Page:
‘We should not allow history to repeat:’ How Pa.’s faithful are speaking up on the border crisis | Monday Morning Coffee
Mexico–United States barrier at the border of Tijuana, Mexico and San Diego, USA. The crosses represent migrants who died in the crossing attempt. Some identified, some not. Surveillance tower in the background. WikiMedia Commons Image by Tomascastelazo.
Good Monday Morning, Fellow Seekers.
In ways both large and small, Pennsylvania’s religious leaders, and religious activists, are making their voices heard in the ongoing debate over the ever-worsening humanitarian crisis at America’s southern border with Mexico.
From the processing of asylum requests to conditions in migrant detention centers, religious leaders and the faithful across a range of religions and faiths are speaking to say they’re not happy with American policy. And they’re calling on elected officials and the Trump administration to up their game.
In a July 12 letter to Pennsylvania’s U.S. House and Senate delegation, Bishop Edward Malesic, of Greensburg, called on Washington to “to please work as hard as you can” on legislation that “releases the unnecessary stranglehold on immigration to the United States that has caused tragic and inhumane consequences,” according to the National Catholic Reporter.
Malesic also sent his letter to President Donald Trump, the newspaper reported.
“I write today, in a land of freedom and almost unlimited opportunity, to call your attention to the fact that there are people, each one a child of God, who by our common relationship with the Lord are our brothers and sisters who need our help,” Malesic wrote, according to the newspaper.
“Many of these people, a number of whom are children, are fleeing for their lives after experiencing terrorism and hardship in their home countries,” he continued. “They are looking for safety, shelter, comfort, and peace for themselves and their families. They are knocking at our door.”
But “sadly, their knocks have gone unanswered,” Malesic concluded. Worse, he added, “we have locked them out.”
Evangelical leaders have also joined the chorus.
On July 17, they sent letters to Trump, Vice President Mike Pence, and Congress calling on them to “respect U.S. laws that protect children and families seeking asylum,” according to the Evangelical Immigration Table, a coalition of faith groups that includes the Assemblies of God, Bethany Christian Services, Council for Christian Colleges and Universities, the Ethics & Religious Liberty Commission of the Southern Baptist Convention, Faith and Community Empowerment (formerly Korean Churches for Community Development), the National Association of Evangelicals, the National Hispanic Christian Leadership Conference, The Wesleyan Church, and World Relief and World Vision.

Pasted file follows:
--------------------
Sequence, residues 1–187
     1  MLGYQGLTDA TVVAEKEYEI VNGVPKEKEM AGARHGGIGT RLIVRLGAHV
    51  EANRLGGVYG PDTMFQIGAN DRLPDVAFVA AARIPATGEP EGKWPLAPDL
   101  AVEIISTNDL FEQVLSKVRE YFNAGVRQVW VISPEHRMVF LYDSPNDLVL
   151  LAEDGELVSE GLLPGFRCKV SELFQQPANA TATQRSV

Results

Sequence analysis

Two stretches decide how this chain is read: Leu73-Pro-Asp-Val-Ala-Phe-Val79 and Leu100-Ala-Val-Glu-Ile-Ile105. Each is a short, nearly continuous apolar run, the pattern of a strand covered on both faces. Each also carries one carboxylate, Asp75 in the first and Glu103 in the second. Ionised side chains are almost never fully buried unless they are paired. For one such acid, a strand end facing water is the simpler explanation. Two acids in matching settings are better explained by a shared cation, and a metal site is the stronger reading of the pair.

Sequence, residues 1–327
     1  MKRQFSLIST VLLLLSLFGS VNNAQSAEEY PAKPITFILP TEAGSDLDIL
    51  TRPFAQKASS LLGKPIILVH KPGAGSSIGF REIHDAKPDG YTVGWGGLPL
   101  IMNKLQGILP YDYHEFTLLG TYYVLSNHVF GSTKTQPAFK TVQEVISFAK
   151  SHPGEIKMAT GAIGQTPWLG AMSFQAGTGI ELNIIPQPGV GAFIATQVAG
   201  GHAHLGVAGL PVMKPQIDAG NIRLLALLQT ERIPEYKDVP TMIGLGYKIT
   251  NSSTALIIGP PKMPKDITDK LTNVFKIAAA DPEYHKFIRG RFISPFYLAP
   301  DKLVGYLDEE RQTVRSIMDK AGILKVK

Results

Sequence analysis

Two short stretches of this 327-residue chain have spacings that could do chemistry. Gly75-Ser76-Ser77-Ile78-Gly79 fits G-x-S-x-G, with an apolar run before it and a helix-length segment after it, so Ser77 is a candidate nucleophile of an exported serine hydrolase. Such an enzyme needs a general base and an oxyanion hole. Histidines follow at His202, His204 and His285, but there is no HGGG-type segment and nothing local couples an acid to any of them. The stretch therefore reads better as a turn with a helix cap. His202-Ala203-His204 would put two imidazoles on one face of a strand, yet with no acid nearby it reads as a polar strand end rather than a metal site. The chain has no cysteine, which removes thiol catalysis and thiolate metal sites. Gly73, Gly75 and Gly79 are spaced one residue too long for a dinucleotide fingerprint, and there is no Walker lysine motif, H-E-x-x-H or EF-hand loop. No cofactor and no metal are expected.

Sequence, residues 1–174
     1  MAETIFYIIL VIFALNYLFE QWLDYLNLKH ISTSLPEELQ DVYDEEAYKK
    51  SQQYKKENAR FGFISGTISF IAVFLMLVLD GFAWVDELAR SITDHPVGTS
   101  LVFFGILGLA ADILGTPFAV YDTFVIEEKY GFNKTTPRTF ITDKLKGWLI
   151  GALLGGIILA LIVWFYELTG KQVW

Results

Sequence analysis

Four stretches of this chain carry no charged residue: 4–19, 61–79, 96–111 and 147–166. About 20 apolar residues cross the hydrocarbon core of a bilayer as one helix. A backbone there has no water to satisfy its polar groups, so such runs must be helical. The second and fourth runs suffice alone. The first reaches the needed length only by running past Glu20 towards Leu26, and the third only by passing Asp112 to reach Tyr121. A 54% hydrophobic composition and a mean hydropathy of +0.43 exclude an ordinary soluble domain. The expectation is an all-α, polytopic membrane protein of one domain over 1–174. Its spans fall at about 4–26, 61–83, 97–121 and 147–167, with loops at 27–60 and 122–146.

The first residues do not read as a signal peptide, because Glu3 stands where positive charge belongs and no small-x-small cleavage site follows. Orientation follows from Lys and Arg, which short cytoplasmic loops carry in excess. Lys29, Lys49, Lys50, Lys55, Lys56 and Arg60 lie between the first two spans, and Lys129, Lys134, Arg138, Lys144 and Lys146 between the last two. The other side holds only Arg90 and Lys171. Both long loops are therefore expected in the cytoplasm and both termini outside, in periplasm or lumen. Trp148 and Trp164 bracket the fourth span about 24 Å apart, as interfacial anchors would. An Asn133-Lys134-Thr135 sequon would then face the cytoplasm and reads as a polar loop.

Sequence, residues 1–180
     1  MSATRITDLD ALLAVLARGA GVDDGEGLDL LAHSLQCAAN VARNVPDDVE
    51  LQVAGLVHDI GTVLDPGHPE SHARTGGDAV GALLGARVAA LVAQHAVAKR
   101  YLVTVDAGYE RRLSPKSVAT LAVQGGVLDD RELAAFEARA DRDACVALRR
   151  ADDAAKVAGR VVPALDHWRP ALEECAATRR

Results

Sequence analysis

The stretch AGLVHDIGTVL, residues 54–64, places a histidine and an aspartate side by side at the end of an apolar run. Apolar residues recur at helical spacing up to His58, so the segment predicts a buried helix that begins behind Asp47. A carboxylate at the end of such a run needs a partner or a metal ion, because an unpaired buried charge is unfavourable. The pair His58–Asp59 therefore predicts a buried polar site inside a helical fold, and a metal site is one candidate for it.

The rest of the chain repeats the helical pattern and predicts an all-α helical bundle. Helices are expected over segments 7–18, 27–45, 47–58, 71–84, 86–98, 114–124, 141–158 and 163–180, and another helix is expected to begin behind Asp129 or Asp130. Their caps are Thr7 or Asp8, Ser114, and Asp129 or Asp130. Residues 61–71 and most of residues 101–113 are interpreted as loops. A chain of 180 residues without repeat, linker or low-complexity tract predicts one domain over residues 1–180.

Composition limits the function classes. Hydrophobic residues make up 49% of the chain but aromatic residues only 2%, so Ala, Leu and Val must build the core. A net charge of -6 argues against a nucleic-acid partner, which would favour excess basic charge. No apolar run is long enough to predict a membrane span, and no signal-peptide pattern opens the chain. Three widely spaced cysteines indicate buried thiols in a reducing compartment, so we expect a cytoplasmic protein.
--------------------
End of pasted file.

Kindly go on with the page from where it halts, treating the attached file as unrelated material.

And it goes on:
Evangelical leaders were critical to Trump’s 2016 election. More than 1,300 evangelical pastors signed the letter.
“The humanitarian and moral crisis at our southern border is exacerbated by policies like the interim final rule that will harm children and families. In a recent visit to the border, I interacted with individuals — many from Central America, but also those from Africa, South America and elsewhere — with very credible claims of persecution. They have already been forced to wait for months in Mexico to register their claim at the U.S. port of entry; now, they will be found ineligible. The U.S. has a moral obligation to respect our laws that offer protection to those with a credible claim of persecution,” Jo Anne Lyon, the Global Ambassador for the Wesleyan Church, wrote.
And in Philadelphia, as our colleague Will Bunch, of The Inquirer, recently wrote, young Jewish activists are taking to the streets to protest the White House’s immigration policies, and to call for more humane treatment of detained migrants.
These activists are “convinced that the gulag of squalid, overcrowded “dog pounds,” warehouse cages and tent cities for refugees trying to enter the United States at the Mexican border is a slippery slope toward something even worse, unless everyday Americans take radical actions to stop it,” Bunchwrote.